A series of photographs from around 1929 that has been preserved shows Kirchner’s partner Erna Schilling with her friend, the violinist Lotte Rohner (née Kraft) and a young woman, presumably Ester Haufler, both had previously posed for Kirchner on several occasions (cf. R. Scotti, E. L. Kirchner. Das fotografische Werk, Bern 2005, pp. 208-215). Kirchner reported: "It's still hot and very nice outside, so I can draw a lot of plein-air nudes. I have 3 nudes, because we had a young girl visiting us. Things are going great again." (E. L. Kirchner to his patron Carl Hagemann, July 23, 1928) The photographs show the three women, on some of them we can also see Lotte's husband, the painter Hans Rohner and a friend of Kirchner's, undressed and carefree doing what used to be called "light and air bathing" in the woods near Davos-Frauenkirch. The idea of sunbathing naked in nature originated in the nudist culture that developed in the late 19th century in a metropolitan environment, and gained increasing popularity in the 1920s. The photo series continues with shots of light-and-shadow studies, in which the nudes are alternately shown in the shade or in the sun, while the sun's rays falling through the treetops create an interesting pattern on the forest ground. Even years later, these photographs would have a great influence on Kirchner's figure compositions, and also play an important role in the artistic idea and compositional drafts of the work offered here.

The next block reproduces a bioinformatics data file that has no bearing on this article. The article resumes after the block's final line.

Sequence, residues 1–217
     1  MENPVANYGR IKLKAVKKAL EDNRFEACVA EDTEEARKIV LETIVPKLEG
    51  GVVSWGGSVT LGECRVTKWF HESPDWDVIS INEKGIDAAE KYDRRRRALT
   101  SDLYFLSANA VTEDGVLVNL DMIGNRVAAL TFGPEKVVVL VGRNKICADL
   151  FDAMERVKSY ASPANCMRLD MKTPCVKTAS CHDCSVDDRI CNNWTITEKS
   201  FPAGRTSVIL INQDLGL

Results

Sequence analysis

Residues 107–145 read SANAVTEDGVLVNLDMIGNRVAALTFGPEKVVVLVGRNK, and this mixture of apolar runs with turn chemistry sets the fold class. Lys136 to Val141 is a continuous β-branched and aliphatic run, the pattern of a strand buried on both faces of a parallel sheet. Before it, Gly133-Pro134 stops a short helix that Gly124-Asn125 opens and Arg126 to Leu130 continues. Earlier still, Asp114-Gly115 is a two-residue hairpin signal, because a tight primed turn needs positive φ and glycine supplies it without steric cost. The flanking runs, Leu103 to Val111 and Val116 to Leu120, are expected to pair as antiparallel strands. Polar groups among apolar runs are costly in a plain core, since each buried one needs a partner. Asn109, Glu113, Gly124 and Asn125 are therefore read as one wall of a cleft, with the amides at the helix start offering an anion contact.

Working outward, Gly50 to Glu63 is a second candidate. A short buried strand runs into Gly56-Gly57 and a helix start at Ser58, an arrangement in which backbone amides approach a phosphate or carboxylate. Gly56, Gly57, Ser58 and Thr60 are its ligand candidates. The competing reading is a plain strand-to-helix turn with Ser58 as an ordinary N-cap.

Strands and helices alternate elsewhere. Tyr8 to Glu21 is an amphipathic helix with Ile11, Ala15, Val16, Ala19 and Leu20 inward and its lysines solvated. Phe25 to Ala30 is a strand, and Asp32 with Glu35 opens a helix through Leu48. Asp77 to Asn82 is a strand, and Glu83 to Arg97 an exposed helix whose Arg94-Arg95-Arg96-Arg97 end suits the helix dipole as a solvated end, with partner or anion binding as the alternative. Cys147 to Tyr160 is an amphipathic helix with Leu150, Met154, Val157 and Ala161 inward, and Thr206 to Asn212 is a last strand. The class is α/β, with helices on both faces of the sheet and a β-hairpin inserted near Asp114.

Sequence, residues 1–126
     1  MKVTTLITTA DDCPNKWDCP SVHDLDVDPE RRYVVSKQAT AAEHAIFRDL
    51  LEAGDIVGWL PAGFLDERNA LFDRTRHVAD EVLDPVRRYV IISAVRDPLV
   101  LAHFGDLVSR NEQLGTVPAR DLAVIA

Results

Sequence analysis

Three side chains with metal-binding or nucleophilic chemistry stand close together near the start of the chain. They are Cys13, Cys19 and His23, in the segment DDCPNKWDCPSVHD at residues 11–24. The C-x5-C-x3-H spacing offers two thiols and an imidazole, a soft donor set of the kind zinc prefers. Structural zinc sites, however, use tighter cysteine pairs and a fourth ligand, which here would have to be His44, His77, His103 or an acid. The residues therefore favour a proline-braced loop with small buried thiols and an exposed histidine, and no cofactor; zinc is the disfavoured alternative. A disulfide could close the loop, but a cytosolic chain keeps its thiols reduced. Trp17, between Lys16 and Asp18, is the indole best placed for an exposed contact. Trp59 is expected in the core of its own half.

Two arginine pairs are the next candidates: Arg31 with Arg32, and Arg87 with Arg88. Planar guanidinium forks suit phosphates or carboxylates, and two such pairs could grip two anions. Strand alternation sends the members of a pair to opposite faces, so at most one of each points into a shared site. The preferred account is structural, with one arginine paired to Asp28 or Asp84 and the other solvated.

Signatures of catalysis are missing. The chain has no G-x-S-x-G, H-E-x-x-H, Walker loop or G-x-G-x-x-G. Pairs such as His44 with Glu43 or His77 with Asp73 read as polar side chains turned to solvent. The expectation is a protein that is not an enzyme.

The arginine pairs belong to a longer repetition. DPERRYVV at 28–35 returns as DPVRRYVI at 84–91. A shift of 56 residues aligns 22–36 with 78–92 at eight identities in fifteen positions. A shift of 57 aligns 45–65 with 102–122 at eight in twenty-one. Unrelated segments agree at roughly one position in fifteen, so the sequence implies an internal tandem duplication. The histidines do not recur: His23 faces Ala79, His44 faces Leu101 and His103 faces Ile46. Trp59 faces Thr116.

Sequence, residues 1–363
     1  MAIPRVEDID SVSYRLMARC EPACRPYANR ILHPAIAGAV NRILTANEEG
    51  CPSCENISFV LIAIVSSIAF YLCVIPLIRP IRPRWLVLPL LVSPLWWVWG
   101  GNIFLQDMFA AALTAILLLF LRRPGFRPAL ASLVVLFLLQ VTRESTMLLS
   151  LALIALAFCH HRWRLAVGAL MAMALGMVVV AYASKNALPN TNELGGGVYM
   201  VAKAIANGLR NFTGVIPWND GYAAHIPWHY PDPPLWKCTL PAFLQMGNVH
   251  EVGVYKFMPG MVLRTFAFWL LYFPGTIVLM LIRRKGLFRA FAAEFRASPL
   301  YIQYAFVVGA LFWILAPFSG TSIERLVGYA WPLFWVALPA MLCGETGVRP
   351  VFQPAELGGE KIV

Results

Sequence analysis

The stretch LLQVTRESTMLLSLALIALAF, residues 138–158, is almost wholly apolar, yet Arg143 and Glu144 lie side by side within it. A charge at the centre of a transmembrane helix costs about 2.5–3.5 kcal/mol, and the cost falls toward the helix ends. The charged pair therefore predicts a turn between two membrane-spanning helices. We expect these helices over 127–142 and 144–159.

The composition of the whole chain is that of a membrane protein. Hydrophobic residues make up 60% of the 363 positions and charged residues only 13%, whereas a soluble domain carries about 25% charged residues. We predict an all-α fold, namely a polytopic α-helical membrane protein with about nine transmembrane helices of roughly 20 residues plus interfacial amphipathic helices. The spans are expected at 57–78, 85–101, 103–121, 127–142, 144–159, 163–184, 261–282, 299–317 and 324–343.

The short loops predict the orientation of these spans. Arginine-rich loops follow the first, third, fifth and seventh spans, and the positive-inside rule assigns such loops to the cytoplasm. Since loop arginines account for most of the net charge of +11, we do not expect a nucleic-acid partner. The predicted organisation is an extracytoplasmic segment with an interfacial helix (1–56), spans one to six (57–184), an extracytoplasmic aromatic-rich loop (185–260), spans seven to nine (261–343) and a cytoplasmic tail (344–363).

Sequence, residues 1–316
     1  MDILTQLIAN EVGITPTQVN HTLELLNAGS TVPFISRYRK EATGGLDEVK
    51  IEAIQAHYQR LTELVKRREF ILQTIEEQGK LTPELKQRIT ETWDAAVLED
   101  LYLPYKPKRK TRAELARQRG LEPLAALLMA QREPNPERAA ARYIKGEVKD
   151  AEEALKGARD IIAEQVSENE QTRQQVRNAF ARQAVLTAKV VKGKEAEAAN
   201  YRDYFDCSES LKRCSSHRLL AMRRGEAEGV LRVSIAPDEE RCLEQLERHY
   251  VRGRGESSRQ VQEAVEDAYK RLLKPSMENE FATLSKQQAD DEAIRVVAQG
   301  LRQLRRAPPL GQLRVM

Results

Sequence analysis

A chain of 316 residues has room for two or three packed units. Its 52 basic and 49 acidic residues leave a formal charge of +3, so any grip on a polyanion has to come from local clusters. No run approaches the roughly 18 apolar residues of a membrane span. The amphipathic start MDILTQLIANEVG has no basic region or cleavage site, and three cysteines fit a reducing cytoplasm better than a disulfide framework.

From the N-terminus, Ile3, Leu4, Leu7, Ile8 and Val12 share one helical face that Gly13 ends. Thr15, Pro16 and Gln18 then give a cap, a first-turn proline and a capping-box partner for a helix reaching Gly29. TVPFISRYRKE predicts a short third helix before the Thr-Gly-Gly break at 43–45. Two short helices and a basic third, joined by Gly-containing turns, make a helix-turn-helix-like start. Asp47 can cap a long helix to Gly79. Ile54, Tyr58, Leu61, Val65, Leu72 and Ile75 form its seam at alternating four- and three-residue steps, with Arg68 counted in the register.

Stylistic change and formal development. Kirchner's mature, visionary late style